As with any Soulslike, or Nioh-like, you’ll have a finite number of healing potions (or “Dragon Cure Pots”) between each Battle Flag. It’s at these flags that you level up by spending Genuine Qi (chi) and can buy supplies, change your Divine Beast, or learn Wizardry spells based on which element you’re applying your Qi to. Each element represents a different set of stats and abilities; Water for stealth and Spirit gain, Wood for healing and buffs, for example.
But all of these systems can make Wo Long feel like an incredibly busy, even oppressive experience. While you have the freedom to travel between battlefields (missions) and it will remember your progress in each, even if you’re at the boss door, every mission of a level worth tackling is an uphill task. Clumsy fingers will switch weapons midfight instead of casting a spell (you need to hold RT down for both), and it’s easy to feel overwhelmed when facing more than one enemy. Often your AI allies don’t help, and fights can devolve into a mess of limbs and swords, and you won’t know who’s winning until someone dies.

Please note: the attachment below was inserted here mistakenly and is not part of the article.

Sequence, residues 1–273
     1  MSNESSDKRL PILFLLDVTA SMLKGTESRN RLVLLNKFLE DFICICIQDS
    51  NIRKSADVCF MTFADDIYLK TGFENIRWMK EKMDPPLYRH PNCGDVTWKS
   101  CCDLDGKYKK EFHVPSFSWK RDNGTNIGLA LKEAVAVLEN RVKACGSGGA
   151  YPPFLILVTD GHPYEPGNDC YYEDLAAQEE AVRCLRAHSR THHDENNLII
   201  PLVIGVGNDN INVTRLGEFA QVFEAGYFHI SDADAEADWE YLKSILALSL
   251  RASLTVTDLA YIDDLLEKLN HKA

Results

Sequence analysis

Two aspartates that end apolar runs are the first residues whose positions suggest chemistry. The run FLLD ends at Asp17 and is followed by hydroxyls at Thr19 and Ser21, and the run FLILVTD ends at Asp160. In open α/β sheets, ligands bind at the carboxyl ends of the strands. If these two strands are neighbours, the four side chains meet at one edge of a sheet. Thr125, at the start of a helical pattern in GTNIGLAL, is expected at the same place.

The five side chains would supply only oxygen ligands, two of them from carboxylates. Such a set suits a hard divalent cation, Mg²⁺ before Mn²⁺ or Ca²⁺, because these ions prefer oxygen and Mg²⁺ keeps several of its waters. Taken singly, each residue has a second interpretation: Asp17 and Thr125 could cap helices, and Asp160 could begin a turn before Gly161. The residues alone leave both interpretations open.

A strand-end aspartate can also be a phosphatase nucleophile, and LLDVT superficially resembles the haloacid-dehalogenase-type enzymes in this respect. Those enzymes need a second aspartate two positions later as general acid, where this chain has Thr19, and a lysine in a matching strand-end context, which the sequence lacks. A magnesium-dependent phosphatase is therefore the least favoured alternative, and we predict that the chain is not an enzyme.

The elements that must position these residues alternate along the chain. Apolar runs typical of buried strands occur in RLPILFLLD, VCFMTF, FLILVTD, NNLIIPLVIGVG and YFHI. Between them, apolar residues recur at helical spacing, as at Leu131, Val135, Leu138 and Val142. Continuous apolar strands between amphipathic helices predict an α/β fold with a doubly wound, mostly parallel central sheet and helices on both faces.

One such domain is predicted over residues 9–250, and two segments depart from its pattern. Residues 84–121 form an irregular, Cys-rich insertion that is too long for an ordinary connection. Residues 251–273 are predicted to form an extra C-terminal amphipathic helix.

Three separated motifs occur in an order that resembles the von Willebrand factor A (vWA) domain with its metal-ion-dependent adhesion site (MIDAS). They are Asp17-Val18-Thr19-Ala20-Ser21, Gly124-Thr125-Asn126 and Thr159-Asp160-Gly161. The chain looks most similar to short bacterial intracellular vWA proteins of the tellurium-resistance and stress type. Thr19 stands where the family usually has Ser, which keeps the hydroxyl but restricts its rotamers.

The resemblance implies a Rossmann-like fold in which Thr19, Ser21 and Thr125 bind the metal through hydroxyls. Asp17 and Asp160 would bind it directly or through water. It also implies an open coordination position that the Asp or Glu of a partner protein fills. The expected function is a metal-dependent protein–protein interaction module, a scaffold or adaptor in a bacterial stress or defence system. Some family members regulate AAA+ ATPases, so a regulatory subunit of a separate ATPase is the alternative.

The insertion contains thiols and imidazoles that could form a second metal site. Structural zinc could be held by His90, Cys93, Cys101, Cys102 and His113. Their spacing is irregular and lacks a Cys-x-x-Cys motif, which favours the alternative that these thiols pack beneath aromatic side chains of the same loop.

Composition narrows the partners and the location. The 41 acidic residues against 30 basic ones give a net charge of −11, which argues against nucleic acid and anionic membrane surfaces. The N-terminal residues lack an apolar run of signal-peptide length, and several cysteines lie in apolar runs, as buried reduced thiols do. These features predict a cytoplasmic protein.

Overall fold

It throws one of its toughest bosses at you in the first area, and from then on the difficulty is somewhat erratic, with a few late-game bosses feeling like pushovers compared to earlier ones. Even standard enemies vary massively in their level of challenge, making it difficult to find a rhythm at times. The speed of movement doesn’t help some of the platforming sections, either, and the double jump you inexplicably have seems to vary in its reach.